Editor’s note: The following My Turn first published Sunday, June 15, under the wrong name.
For Father’s Day, I’m cooking bouillabaisse for my family. That’s my Father’s Day gift: being a father.
My own dad, who died several years ago, had no idea how to be a father. He was in the Navy until my sister and I were 10 and he spent much of that time away at sea. When he retired and was suddenly a constant presence in the house, we weren’t too sure about him — and he wasn’t too sure about us. He seemed to realize pretty quick that I was not the son he’d imagined I was. I wasn’t an athlete like my cousins, and I didn’t get good grades like my sister. I spent more time drawing and playing music and writing stories. He had not been home to shape me, and he frequently let me know that I wasn’t the kind of son he wanted. For my part, I tried looking up to him as a role model but that was a pretense.
The men who had really shaped my character during my “formative years” were the men in my mother’s family; my grandfather, who would get down on the floor with me and teach me how to draw all the characters in the Sunday comics, and my two uncles. My uncle Dick was the playful goofball/would-be con-man who gave me an example of how to be playful, taught me how to cheat at Monopoly and gave me an enduring love for spy novels. There also was my uncle Jack, the beatnik artist/hipster.
We lived across the river from New York City where Jack was, during the day, an art student at Cooper Union and, at night, a beatnik hanging around the clubs in Greenwich Village. He and his friends always had something new and wild going on — rocks that glowed under ultra-violet light, bongo drums and standup basses, hot sports cars like the Jaguar XKE that sat out in front of the house for months without ever being driven. And then there were his paintings and sculptures: I fell in love with the art for its own sake, but under my Uncle Dick’s influence, I charged my friends 25 cents admission to Jack’s studio to view the wonderful nudes. Jack gave me a deep love of art and all things Bohemian.
These were my male role models, not my dad. I loved my dad, and I will always be proud of him for the man he was: kind, ethical and generous to a fault. Despite being a career sailor, he never spoke like one. He hated four-letter words, and the only time I ever heard him use the F-word was, of course, when his only son screwed up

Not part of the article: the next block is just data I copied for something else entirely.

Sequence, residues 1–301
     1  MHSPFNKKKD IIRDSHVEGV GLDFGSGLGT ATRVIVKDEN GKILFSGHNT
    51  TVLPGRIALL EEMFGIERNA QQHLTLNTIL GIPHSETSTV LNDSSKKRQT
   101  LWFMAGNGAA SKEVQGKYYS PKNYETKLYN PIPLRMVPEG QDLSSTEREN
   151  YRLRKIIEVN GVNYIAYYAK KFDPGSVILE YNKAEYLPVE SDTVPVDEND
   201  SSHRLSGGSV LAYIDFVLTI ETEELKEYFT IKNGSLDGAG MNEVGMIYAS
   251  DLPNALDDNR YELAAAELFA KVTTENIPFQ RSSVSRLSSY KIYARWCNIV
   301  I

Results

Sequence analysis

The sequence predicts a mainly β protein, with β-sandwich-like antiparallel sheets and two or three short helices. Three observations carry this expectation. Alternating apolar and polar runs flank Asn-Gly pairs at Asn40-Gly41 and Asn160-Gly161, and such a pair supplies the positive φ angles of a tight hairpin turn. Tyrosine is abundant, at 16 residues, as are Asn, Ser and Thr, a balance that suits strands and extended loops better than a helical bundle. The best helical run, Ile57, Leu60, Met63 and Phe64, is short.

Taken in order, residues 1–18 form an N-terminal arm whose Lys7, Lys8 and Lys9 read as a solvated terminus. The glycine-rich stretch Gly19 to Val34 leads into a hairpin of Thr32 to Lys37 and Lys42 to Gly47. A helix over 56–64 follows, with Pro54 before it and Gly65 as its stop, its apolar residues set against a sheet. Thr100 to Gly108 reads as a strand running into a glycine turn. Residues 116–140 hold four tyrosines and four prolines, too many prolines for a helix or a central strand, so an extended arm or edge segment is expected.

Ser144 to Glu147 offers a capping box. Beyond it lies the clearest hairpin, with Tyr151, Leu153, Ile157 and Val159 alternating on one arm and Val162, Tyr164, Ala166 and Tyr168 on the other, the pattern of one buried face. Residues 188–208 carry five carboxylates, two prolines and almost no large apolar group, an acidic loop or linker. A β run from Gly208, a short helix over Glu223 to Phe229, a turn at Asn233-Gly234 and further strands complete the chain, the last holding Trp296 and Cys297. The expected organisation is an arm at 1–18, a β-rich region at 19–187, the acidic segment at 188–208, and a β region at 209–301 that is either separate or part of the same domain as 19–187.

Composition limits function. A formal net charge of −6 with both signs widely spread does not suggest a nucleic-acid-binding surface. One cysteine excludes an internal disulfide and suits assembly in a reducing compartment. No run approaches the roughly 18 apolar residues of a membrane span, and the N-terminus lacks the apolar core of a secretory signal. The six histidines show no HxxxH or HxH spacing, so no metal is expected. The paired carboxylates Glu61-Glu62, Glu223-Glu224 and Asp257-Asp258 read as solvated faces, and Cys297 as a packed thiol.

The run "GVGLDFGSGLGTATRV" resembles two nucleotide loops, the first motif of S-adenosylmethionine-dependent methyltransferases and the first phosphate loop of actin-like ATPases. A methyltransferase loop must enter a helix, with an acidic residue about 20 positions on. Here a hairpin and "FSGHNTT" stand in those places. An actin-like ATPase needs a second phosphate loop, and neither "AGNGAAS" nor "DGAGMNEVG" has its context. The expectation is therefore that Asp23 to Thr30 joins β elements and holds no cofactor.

But I found my male role models where they were to be found — as all boys do, whether there’s a man in the house or not. Across our lives, we meet a lot of people, men and women, whose lives represent ideals we model ourselves after and who become fathers and mothers to us. Indeed, when I became a father myself, I found that my best influences were my own sons and daughters, whose qualities of openness, curiosity, and playfulness continue to remind me of the kind of human being I want to be. The child is father to the man.
So, the argument that children need a male and a female in the house seems to me a little simplistic, if not merely specious when used to prop up opposition to same-sex marriages. Of course, when we are children we need to see good models in men and women both of how to be human. We find those role models where we can and not always from a present mother or father. The only thing children really need in the house is love and the security love gives us to become who we are. Come to think of it, I can’t think of anything else that adults really need in the house, either.
• Jim Hale lives in Juneau.